When a stroke is cancelled by an opponent (such as under Rule 6.4a(2) – Playing Out of Turn) or does not count under a Rule (such as under Exception 2 to Rule 11.1b – When Ball Played from Putting Green Accidentally Hits Any Person, Animal or Movable Obstruction (Including Another Ball in Motion) on Putting Green), it is disregarded from the player’s score as if it never took place. If the player does not replace the ball, but instead plays from where the ball came to rest, he or she has played from a wrong place and Rule 14.7 (Playing from Wrong Place) applies since the player was required to replay the stroke.
For example, a player makes a stroke from the putting green that accidentally hits a hole-liner that came out of the hole when the flagstick was removed (Exception 2 to Rule 11.1b). Instead of replacing a ball and replaying the stroke, the player plays the ball from where it came to rest. The stroke with the ball that accidentally hit the hole-liner does not count in the player’s score. However, by not replacing a ball as required, the player has played from a wrong place and Rule 14.7 applies.
This also applies if a player plays out of turn and the stroke is cancelled by an opponent under Rule 6.4a(2).
If a ball comes to rest against a person or an outside influence after being accidentally deflected or stopped and the person or outside influence moves or is moved, Rule 9 applies, and the player must follow the Rule appropriately. However, there is no penalty under Rule 9 if the ball moves after coming to rest against a person or equipment.
Examples of where there is no penalty include when:
The player’s ball comes to rest against the opponent’s foot after being accidentally stopped by him or her and the ball moves as a result of the opponent moving. The player must replace the ball as required by Rule 9.5 but neither the player nor the opponent gets a penalty.
The player’s ball in motion is accidentally stopped by his or her club after rolling back down a hill and the ball moves as a result of removing the club. The player must replace the ball as required by Rule 9.4 but gets no penalty.
For other situations when a ball is accidentally deflected or stopped by an outside influence (such as an animal), and that outside influence moves and causes the ball to move, see Rule 9.6 for what to do.
Rule 11.2 applies to a situation where a player did not initially position the equipment, other object or person for the purpose of deflecting the ball in motion, but once positioned by the player, he or she realizes it may deflect or stop the ball and deliberately leaves it there.
An example where the player gets a penalty is when:
After raking a bunker, a player places the rake between the putting green and the bunker, without any thought of it influencing a ball. The player, who now has a downhill putt towards the bunker, realizes the rake might stop his or her ball and plays without first moving the rake. The player putts and the ball is stopped by that rake.
An example where the player does not get a penalty is when:
A rake has been left by a preceding group between the putting green and a bunker. A player, who has a downhill putt towards the bunker, sees the rake and leaves it there because it might stop the ball if his or her putt is too strong. The player putts and the ball is stopped by that rake.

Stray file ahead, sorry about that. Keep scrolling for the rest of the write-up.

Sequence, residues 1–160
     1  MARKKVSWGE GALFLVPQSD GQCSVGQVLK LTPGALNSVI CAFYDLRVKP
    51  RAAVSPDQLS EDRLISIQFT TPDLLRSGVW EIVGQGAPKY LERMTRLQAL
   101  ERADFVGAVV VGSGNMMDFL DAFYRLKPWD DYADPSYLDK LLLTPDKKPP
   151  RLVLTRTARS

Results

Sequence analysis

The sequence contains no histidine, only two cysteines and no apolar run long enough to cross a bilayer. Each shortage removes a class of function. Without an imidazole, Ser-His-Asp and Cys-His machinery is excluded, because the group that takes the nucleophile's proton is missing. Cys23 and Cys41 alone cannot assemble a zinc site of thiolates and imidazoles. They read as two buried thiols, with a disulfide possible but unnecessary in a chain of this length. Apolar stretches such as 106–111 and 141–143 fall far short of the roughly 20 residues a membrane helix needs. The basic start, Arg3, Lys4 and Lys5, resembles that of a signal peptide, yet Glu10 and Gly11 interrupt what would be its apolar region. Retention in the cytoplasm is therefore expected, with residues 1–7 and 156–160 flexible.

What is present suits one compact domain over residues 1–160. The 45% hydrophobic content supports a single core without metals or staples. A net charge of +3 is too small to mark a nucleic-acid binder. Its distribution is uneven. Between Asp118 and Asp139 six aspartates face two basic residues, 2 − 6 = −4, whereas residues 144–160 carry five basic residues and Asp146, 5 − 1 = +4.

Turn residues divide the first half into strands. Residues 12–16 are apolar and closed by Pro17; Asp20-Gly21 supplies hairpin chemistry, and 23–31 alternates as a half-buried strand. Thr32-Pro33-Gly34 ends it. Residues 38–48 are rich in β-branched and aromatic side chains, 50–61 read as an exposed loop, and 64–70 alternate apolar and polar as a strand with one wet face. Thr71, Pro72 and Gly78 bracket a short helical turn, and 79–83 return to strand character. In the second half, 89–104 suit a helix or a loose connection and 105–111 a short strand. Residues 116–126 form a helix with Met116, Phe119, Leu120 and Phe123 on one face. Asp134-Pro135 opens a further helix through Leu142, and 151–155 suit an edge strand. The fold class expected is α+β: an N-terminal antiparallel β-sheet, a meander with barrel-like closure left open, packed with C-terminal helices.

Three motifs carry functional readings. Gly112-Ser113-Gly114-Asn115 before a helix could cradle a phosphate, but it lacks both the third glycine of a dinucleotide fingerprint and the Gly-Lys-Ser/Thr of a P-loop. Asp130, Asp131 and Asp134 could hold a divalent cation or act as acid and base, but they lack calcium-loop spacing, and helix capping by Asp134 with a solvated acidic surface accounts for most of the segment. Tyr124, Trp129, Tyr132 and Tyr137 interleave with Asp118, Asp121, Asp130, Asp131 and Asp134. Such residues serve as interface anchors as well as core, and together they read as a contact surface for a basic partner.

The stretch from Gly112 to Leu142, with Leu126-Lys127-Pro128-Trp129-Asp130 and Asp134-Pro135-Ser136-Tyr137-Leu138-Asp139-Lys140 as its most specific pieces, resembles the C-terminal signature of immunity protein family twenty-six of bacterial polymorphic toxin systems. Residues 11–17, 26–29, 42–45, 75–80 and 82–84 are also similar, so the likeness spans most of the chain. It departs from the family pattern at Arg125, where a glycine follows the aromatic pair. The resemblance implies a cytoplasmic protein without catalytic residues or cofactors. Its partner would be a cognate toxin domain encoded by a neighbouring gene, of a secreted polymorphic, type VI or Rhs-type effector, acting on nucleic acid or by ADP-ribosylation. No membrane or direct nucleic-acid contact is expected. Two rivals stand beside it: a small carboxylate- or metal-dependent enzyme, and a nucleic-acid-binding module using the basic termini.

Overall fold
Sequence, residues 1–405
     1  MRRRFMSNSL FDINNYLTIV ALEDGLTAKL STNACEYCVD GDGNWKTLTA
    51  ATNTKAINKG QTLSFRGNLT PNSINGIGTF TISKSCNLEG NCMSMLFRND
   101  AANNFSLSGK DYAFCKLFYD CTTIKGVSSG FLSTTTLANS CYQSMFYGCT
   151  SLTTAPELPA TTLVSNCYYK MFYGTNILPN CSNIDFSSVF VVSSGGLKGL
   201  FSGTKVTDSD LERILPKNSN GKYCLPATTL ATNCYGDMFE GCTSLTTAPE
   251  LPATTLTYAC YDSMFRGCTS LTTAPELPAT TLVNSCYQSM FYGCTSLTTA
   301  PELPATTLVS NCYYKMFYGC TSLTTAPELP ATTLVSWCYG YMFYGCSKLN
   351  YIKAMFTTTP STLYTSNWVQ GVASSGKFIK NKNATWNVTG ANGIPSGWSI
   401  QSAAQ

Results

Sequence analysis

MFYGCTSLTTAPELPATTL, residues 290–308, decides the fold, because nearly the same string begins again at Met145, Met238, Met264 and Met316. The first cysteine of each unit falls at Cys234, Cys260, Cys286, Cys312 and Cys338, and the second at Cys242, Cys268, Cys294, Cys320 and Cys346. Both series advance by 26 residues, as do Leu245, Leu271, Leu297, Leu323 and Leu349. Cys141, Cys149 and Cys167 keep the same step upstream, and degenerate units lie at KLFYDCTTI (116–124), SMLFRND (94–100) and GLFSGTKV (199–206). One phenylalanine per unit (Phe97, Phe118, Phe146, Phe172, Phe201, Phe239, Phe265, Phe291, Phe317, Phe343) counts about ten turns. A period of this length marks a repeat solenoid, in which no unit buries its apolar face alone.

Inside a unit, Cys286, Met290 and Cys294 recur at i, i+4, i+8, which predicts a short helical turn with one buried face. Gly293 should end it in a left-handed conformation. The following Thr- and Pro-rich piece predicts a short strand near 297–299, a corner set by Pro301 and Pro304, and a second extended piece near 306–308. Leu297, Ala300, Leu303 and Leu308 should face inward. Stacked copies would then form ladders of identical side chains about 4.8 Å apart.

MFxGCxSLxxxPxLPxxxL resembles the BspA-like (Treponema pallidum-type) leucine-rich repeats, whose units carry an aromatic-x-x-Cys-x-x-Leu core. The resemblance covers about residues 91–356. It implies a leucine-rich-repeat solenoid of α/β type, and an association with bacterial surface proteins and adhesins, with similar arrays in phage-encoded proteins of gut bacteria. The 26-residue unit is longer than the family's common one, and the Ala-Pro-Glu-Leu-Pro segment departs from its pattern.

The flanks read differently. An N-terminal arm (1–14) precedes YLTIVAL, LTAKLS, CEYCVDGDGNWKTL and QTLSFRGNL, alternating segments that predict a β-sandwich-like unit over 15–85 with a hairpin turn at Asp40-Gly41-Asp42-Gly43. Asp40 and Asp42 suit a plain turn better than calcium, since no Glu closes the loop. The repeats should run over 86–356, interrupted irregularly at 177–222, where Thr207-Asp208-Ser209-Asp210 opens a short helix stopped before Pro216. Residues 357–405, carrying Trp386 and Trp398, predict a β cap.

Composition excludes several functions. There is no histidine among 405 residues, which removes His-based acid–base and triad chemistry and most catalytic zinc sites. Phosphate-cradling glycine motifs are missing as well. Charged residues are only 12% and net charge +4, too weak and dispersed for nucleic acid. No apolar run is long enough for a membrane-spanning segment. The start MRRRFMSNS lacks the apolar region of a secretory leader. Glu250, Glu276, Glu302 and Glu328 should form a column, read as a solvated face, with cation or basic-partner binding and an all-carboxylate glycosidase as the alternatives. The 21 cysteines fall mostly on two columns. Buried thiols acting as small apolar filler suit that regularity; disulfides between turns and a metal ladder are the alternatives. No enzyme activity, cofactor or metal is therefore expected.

When a ball in motion is deliberately deflected or stopped and it is estimated that it would have come to rest in a penalty area, the player has the choice to drop a ball in the penalty area (Rule 11.2c(1)) or take relief from the penalty area (Rule 17.1d).
If the player decides to take relief from the penalty area because he or she does not wish to drop a ball in the relief area in the penalty area, the player must estimate the point that the ball would have last crossed the edge of the penalty area when taking relief under Rule 17.1d.
Rule 11.3 applies when a player or caddie takes a deliberate action for the purpose of affecting a ball in motion, and the player is in breach of this Rule even if the deliberate action does not affect where the ball comes to rest.
Examples where the player gets the general penalty under Rule 11.3, and in stroke play must play the ball where it comes to rest, include when:
The player’s ball lies in the general area at the bottom of a slope. The player makes a stroke and, while the ball is rolling back down the slope, the player presses down a raised piece of turf for the purpose of preventing the ball from coming to rest in a bad lie.
The player believes a rake lying on the ground may stop or deflect another player’s ball in motion, so the player lifts the rake.
Examples where there is no penalty, and in stroke play the ball must be played where it comes to rest, include when:
A player’s ball lies in the general area at the bottom of a slope. The player makes a stroke and the ball begins to roll back down the slope. Unaware that the ball was returning to the area from where it had been played, the player presses down a raised piece of turf without any intent to affect where the ball might come to rest. There is no penalty even if the ball comes to rest in the pressed down area.
After making a stroke and while the ball is in motion, a player lifts a nearby rake to give it to another player for an upcoming bunker shot. The player’s ball rolls through the area that the rake was lifted from.